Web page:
Preferably, the genotype of the genotyped meat is entered onto the computer. More preferably, the genotype is searchable. Most preferably, the genotype is encoded.
 The invention also extends to a method for identifying the animal from which a meat product is derived comprising sampling the animal tissue, extracting genetic material from the sample, carrying out a molecular genetic analysis on the extracted genetic material and encoding the results of the molecular genetic analysis, entering the sample information and coded genetic analysis onto a computer database, the sample information and the encoded genetic analysis being searchable so that the molecular genetic analysis of a meat sample can be matched with the molecular genetic analysis of an animal.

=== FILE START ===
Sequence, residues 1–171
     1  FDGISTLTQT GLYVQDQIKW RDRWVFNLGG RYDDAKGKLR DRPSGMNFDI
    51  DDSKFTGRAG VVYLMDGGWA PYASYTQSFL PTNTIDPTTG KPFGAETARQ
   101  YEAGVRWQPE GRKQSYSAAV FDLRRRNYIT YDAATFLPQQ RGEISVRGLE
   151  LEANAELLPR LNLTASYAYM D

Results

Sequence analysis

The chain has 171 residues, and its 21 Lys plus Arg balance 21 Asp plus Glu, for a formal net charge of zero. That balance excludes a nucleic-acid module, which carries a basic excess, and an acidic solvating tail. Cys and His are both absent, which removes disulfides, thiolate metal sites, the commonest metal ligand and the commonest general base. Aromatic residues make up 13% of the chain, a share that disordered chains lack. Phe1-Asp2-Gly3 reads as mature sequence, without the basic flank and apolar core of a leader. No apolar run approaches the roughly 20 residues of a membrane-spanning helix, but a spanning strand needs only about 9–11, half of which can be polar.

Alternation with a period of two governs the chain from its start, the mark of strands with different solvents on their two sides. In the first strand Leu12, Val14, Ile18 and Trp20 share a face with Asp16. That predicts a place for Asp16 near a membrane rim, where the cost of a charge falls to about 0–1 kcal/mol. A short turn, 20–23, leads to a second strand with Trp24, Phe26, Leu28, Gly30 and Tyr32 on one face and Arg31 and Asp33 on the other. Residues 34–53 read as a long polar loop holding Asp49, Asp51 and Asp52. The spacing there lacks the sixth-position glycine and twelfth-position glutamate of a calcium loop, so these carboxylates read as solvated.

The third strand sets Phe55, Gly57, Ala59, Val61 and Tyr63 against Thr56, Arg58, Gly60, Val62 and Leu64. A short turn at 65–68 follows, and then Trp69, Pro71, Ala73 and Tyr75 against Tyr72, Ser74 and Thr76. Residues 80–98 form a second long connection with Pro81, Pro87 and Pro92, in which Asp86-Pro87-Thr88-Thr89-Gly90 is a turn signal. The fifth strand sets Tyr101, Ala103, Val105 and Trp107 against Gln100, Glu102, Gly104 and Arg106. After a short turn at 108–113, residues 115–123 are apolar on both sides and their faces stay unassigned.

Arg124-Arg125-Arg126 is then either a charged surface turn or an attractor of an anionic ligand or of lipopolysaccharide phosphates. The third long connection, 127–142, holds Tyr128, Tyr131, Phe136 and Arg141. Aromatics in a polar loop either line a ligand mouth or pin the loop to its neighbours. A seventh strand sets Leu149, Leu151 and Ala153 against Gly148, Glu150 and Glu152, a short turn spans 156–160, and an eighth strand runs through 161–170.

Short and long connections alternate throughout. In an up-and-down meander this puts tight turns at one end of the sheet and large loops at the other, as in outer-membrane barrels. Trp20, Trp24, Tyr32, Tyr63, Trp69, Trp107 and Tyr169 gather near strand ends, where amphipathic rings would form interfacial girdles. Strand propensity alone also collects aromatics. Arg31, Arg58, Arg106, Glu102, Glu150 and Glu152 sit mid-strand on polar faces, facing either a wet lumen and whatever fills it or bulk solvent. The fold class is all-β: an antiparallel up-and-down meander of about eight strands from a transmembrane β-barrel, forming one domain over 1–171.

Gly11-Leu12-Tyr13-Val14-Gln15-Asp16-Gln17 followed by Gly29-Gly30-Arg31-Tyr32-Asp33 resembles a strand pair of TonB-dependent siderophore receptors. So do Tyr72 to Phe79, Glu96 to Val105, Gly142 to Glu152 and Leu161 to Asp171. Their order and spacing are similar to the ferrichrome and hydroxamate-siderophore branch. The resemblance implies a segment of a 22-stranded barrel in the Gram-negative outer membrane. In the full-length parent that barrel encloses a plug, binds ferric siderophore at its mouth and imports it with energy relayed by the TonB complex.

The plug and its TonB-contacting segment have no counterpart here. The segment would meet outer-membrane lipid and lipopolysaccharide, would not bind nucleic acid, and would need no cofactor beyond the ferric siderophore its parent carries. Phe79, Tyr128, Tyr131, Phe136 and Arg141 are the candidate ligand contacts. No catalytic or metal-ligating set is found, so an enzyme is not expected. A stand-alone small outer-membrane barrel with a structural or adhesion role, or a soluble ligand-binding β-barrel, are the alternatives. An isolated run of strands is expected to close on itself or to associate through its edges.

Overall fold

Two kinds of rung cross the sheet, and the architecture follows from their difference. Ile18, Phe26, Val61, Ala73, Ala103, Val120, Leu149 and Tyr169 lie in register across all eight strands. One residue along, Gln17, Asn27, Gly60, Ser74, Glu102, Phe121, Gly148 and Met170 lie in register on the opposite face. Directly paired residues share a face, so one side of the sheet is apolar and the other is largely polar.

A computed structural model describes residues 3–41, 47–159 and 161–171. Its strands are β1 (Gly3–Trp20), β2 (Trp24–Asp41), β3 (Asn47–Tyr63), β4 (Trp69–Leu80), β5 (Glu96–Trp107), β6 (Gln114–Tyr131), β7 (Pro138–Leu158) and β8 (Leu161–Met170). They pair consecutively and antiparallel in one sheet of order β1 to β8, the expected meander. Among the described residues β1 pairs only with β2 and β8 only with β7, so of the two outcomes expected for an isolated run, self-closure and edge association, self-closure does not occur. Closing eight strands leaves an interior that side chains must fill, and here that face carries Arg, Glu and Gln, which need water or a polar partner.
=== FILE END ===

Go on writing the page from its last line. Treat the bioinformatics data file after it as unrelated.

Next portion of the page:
In a further embodiment, the invention also provides a system for identifying the animal from which a meat product is derived comprising genotyping the meat, comparing the genotype with known animal genotypes, locating any matching genotype and storing the information on a computer such that the genotype and the identification of the animal is searchable.
 Preferably, the system further comprises a sampling device for sampling animal tissue.
 The invention also relates to the use of molecular genetic analysis for identifying the animal from which a meat product is derived. Preferably, the molecular genetic analysis comprises a Polymerase Chain Reaction amplification.
 In a further embodiment, the invention also provides a microtitre plate holder comprising a microtitre plate holding means, identification codes for each well of the microtitre plate and controlling means for allowing selective access to the wells of the microtitre plate.
 Preferably, the controlling means comprises a covering means for selectively covering and revealing the wells of the microtitre plate.